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Tibor Benedek, 3-time Olympic water polo champ from Hungary, dies

This file photo taken on July 27, 2014 shows Hungary's coach Tibor Benedek speaking to his players during the Water Polo European Championships final in Budapest. Mr. Benedek died at age 47, the local federation said in a statement Thursday.
This file photo taken on July 27, 2014 shows Hungary's coach Tibor Benedek speaking to his players during the Water Polo European Championships final in Budapest. Mr. Benedek died at age 47, the local federation said in a statement Thursday.Peter Kohalmi/AFP via Getty Images

BUDAPEST — Tibor Benedek, a three-time Olympic water polo champion from Hungary who captained and later coached his country’s national team, has died. He was 47.

The death was announced by the Hungarian water polo federation on Thursday.

Mr. Benedek was a prolific scorer and won dozens of national and international titles with Hungary and club teams including Hungary’s UTE and Honved and Italy’s Roma and Pro Recco. He retired from all sporting activities in May because of an undisclosed illness.

Besides gold medals at the 2000, 2004, and 2008 Olympics, Mr. Benedek also won a world championship in 2003, a European championship in 1997, two World League titles, and a World Cup.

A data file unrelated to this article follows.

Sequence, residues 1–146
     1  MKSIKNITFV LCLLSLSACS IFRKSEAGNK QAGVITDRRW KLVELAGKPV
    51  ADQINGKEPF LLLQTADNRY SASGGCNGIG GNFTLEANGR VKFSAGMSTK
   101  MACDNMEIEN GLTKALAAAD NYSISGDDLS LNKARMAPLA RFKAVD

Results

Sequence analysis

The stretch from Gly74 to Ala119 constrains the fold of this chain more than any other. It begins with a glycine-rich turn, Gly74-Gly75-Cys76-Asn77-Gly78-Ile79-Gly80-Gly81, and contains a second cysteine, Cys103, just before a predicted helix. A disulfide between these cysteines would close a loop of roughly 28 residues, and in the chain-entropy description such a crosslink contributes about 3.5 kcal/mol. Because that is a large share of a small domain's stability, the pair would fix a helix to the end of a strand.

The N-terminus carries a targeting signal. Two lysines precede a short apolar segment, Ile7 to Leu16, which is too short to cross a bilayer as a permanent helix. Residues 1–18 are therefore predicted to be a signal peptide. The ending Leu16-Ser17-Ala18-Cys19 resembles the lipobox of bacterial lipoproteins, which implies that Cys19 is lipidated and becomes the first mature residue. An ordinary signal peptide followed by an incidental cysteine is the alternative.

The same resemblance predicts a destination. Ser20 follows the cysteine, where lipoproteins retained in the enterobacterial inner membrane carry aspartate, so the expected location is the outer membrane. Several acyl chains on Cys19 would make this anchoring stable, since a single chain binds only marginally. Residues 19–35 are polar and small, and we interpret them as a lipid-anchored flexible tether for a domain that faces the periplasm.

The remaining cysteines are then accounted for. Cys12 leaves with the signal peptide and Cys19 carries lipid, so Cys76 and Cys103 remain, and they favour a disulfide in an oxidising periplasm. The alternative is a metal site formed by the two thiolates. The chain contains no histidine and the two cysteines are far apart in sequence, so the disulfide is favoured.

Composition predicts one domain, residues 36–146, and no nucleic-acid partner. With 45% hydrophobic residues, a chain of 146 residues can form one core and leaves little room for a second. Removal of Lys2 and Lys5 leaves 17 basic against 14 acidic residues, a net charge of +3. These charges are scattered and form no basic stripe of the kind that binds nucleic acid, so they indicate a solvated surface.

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He also won the Italian championship seven times, the Hungarian championship six times, and was a five-time winner of the Euroleague, once with UTE and four times with Pro Recco.

As Hungary’s coach, his biggest success was winning the 2013 world championship.

Prime Minister Viktor Orban called Mr. Benedek “one of the greatest champions of Hungarian sports,” adding that “there is black water in the pool.”

Former Serbian water polo player Aleksandar Sapic, now a politician, described Mr. Benedek’s passing as “one of the saddest in recent years.”

‘‘Tibor was the only water polo player whom I truly admired, whom I loved and respected in a strange way,” said Sapic, who won a silver and two bronze medals at the Olympics and played against Mr. Benedek dozens of times.

Mr. Benedek was extremely popular in Hungary, known for his total dedication to the sport and unyielding willpower.

Mr. Benedek put his achievements down to his iron will.

“If I had to finally summarize the reason for my successes, I’d just say that I was the one who always wanted it more,” Mr. Benedek said in “Sportalkimia,” a Hungarian book about sporting champions published in 2011. “This is my talent.”

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Mr. Benedek played a record 437 times for Hungary, retiring after the 2008 Olympics, the federation said.

He is survived by his second wife, Hungarian model Panni Epres, and three children.